In round, this functions as debaters coherently explaining what both they and their sources are being critical of, and doing so throughout the round.

In any case be sure to SLOW DOWN when reading critical arguments.

ROLE OF THE BALLOT-

I believe that debate, and the type of people it attracts, are uniquely superior opportunities to develop the skills required to fight oppression. I also believe that how i vote in some prelim at a tournament is unlikely to make much of a difference- or less so than if the debaters and judge spent their Saturday volunteering for a group fighting to make changes. I tend to take the arguments more seriously when made in out rounds with audiences. In fairness, people may see prelims as the place to learn how to make these arguments, which is to be commended. But it is not guaranteed that I take an experienced debater making such arguments in prelims as seriously, without a well-articulated reason to do so.

Also bear in mind that my perspective is that of a social studies teacher with a MA in Middle Eastern history and a liberal arts education who is at least tolerably familiar with the literature often referenced in these rounds. But I also default in my personal politics to feeling that a bird in hand is better than exposing the oppression of the bush.

if simply invited or encouraged to think about the implications of your position, or to take individual action to do so, that is a wild card that may lead to a vote in your favor- or may not. I feel obligated to use my personal knowledge in such rounds. YOU are encouraged to discuss the efficacy of rhetorical movements and strategies in such cases.


ON MORALLY OFFENSIVE ARGUMENTS

Offensive debaters, such as those who actively call for genocide will be dropped with minimal speaker points. The same is true for those who are blatantly racist, sexist, homophobic, etc.

I default to skepticism being in the same category when used as a response to 'X is morally bad' types of arguments.

By minimal speaker points, I mean 'one point' (.1 if the tournament allows tenths of a point) and my going to the physical tabroom to insist they manually override any minimum in place in the settings.

If an argument not intended to be racist or sexist or pro-murder could be misused to justify the same, that would be debatable in the round- though be reasonable. "if it looks like a duck, and sounds like a duck, chances are it IS a duck." Arguing over if general U.S. immigration is irredeemably racist is debatable in the round, arguing that an entire group of people should be excluded based on religion is racist on face, and arguing that it is morally acceptable (or even amoral) to tear gas children is a moral travesty in and of itself.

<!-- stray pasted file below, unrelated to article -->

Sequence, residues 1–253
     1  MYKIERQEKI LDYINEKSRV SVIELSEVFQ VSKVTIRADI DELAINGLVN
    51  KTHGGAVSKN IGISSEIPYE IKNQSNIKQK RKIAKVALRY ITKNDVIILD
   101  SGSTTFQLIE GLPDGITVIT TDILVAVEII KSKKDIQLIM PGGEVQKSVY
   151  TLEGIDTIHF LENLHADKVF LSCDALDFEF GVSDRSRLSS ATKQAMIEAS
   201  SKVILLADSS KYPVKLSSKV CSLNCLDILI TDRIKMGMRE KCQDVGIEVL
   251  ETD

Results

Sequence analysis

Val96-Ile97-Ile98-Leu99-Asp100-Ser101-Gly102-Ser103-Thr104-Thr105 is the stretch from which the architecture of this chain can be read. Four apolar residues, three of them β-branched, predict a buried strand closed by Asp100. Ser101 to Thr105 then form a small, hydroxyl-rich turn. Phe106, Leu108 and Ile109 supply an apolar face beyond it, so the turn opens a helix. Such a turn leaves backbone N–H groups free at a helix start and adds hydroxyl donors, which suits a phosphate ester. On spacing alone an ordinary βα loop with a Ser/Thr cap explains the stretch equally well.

Outrounds/Flip Rounds Only

I believe debate offers a unique platform for debaters to work towards becoming self-sufficient learners, independent decision makers, and autonomous advocates. I believe that side determination with a lead time for the purposes of receiving side specific coaching particular to a given round is detrimental to debaters developing said skills. Further, it competitively disadvantages debaters who do choose to emphasize such skills (or do not have access to such coaching to start with).

In elimination rounds this functions as

a) flip upon arrival to the round.

b)avoid leaving the room after the coin flip (i.e., please go to the restroom, etc. before arriving at the room and before the flip)

c) arrive in sufficient time to the round to flip and do all desired preparation WITHOUT LEAVING THE ROOM so that the round can start on time.

d)All restrictions on electronic communication commence when the coin is in the air

Doing all of this establishes perceptual dominance in my mind. All judges, even those who claim to be blank slates, subliminally take perceptual dominance into account on some level. -Hence their 'preferences'. For me, all other matters being equal, I am more likely to 'believe' the round story given by a debater who exhibits these skills.

Most importantly

Have fun! Learn! "If you have fun and are learning, the winning will take care of itself"

POLICY Paradigm-

In absence of a reason not to do so, I default to policy-maker (though I do have some sympathy for hypothesis-testing).

The above largely holds for my policy judging, though I am not as draconically anti-theory in policy as I am in LD because the time structure allows for bad theory to be exposed in a way not feasible in LD.

PUBLIC FORUM

I've judged it and coached it since the creation.

Most of what I say under Lincoln-Douglas applies here, regarding substance as well as theory/and Ks. The differences OR key points are as follows.

1) I judge PF as an educated layperson- i.e. one who reads the paper but doesn't know the technicalities of debate lingo.